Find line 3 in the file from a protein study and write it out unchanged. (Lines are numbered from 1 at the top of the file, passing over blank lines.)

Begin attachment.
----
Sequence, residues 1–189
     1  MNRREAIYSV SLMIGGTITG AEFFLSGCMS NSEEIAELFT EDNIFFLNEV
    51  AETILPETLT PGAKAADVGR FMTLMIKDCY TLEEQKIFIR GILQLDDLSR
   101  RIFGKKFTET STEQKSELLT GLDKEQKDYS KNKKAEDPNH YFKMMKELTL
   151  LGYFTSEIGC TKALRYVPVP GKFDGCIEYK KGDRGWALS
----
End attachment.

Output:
    51  AETILPETLT PGAKAADVGR FMTLMIKDCY TLEEQKIFIR GILQLDDLSR